Variety of Genetic Mutations Can Cause Autism

New research greatly expands the list of genetic mutations that can cause autism. Researchers believe the findings represent a significant advance in efforts to unravel the genetic basis of autism spectrum disorder (ASD).

Investigators at University of California, San Diego School of Medicine enrolled hundreds of volunteers from families with one child affected by ASD. They then sequenced the complete genomes of every family member, including the parents and typically developing siblings.

Their findings appear online in The American Journal of Human Genetics.

Researchers looked for de novo mutations, gene alterations that appear spontaneously in one’s offspring and are due to a mutation in a father’s sperm or a mother’s egg.

Prior research has shown that de novo mutations contribute to risk, particularly in sporadic cases where there is no family history of autism.

The most common type of de novo mutations are “spelling mistakes” that change a single letter of the DNA code. However, in their new study, the researchers discovered many other mutations that introduce changes that are more complex.

These changes, called structural variants, involve alterations including the insertion or deletion of entire words or sentences of the DNA code.

The research team found a surprising variety of spontaneous mutations, from simple deletions or insertions to “jumping genes” — elements of DNA that copy and paste themselves into other parts of the genome.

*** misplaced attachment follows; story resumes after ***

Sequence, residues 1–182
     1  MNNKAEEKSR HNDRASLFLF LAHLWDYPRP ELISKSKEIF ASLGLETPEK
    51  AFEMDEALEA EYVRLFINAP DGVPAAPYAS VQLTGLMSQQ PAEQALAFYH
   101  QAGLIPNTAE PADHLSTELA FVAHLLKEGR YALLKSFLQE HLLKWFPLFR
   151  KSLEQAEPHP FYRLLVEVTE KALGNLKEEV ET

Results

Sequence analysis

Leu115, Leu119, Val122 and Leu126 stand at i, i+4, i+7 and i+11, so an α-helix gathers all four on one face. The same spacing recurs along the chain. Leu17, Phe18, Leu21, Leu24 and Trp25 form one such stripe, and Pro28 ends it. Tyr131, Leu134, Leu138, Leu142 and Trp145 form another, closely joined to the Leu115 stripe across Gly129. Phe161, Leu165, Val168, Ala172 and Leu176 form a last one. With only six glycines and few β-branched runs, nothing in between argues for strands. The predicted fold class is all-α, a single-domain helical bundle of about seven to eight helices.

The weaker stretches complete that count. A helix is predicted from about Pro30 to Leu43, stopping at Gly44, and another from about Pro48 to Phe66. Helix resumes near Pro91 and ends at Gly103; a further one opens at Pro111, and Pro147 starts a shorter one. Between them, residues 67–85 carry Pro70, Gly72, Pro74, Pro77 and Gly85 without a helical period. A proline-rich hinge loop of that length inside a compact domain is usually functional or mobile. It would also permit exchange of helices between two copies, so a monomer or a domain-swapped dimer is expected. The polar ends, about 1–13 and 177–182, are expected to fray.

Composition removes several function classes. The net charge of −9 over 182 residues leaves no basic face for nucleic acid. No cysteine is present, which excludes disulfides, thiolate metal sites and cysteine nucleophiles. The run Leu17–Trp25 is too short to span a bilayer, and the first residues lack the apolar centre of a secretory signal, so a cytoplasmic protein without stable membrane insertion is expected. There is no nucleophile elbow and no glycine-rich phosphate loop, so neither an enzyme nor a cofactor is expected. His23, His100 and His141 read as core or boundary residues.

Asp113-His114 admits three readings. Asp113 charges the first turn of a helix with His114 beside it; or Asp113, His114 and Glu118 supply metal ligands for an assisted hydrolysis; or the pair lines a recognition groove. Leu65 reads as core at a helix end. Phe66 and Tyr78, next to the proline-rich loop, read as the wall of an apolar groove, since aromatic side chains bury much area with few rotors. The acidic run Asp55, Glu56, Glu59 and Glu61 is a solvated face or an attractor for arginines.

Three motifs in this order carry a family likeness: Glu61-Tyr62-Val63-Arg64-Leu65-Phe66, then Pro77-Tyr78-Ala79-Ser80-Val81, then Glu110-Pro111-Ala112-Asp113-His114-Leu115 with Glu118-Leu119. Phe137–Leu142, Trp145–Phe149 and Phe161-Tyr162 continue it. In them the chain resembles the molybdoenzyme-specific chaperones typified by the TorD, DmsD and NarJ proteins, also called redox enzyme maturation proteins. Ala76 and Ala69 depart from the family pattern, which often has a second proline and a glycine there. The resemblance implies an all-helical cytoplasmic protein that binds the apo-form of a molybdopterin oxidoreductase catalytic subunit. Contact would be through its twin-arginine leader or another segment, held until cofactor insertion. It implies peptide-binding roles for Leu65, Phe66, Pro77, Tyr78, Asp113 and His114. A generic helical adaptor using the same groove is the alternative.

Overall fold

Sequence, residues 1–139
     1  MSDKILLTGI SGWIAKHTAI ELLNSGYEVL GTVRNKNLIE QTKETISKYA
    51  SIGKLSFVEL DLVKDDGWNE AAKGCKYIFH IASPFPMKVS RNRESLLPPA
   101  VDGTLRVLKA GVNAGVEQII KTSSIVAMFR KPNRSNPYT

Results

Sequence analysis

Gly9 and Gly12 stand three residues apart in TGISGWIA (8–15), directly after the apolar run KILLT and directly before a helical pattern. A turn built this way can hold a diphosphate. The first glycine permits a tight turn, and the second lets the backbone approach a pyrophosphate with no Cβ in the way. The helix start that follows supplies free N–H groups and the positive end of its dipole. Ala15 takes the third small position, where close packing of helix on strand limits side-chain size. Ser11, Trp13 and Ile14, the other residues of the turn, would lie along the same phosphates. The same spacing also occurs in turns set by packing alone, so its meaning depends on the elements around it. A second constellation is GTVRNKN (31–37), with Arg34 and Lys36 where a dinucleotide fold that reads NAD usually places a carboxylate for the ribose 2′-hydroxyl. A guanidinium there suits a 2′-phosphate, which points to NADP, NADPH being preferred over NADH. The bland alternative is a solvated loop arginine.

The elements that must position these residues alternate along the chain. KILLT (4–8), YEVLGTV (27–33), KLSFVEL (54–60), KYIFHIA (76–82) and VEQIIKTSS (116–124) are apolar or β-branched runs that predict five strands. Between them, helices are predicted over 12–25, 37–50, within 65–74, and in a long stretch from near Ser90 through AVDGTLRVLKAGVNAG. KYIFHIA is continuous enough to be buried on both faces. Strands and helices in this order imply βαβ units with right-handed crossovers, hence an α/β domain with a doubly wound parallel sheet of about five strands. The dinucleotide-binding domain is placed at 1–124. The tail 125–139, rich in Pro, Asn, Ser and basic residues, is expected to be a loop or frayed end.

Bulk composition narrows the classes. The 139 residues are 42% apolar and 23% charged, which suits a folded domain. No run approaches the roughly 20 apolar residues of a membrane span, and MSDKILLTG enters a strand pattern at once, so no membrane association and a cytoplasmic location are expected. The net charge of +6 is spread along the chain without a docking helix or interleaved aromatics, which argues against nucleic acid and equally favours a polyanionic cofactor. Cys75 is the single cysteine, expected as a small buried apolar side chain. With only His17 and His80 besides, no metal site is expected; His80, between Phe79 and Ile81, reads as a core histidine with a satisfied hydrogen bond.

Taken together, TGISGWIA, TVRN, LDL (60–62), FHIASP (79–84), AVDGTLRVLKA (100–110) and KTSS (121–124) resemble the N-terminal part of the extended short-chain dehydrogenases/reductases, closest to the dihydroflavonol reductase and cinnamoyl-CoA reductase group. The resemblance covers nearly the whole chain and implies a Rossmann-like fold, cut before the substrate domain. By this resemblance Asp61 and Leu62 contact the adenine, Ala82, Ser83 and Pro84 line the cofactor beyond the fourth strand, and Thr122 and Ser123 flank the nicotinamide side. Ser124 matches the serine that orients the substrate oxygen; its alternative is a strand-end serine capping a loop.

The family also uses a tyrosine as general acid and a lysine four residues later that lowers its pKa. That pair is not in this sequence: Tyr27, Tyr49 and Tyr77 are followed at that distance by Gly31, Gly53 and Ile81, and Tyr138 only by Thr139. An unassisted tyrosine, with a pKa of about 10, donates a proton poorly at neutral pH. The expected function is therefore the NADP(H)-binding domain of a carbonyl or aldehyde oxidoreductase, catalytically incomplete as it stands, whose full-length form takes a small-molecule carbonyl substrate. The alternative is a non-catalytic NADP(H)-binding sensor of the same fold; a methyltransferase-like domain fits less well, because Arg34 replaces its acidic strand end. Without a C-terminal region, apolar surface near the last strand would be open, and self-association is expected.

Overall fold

They also found that structural mutations sometimes occur in tight clusters where a combination of different mutations occur all at once.

“These mutations can insert, delete, or in some cases scramble the DNA sequence,” said senior author Jonathan Sebat, Ph.D., associate professor of psychiatry and cellular and molecular medicine at University of California, San Diego School School of Medicine.

Sebat and colleagues discovered that spontaneous structural mutations occurred at a surprisingly high rate in individuals — 20 percent — and mutations in autism tended to disrupt genes.

Children with autism do not have more mutations overall,” said Sebat, “but their mutations are more likely to disrupt genes involved in brain development.”

The study, Sebat noted, highlights several genes that could play a key role in brain development.

For example, the scientists identified a deletion in one gene called “stargazin” that is required for regulating the transmission of signals between neurons in the brain.

“Mutations in stargazin are very rare,” said first author, William Brandler, Ph.D., a postdoctoral scholar in Sebat’s lab, “but they point us to a biochemical pathway that may be important for social development.

In the future, discoveries like this could lead to more effective personalized treatments for autism.”

Source: University of California, San Diego/EurekAlert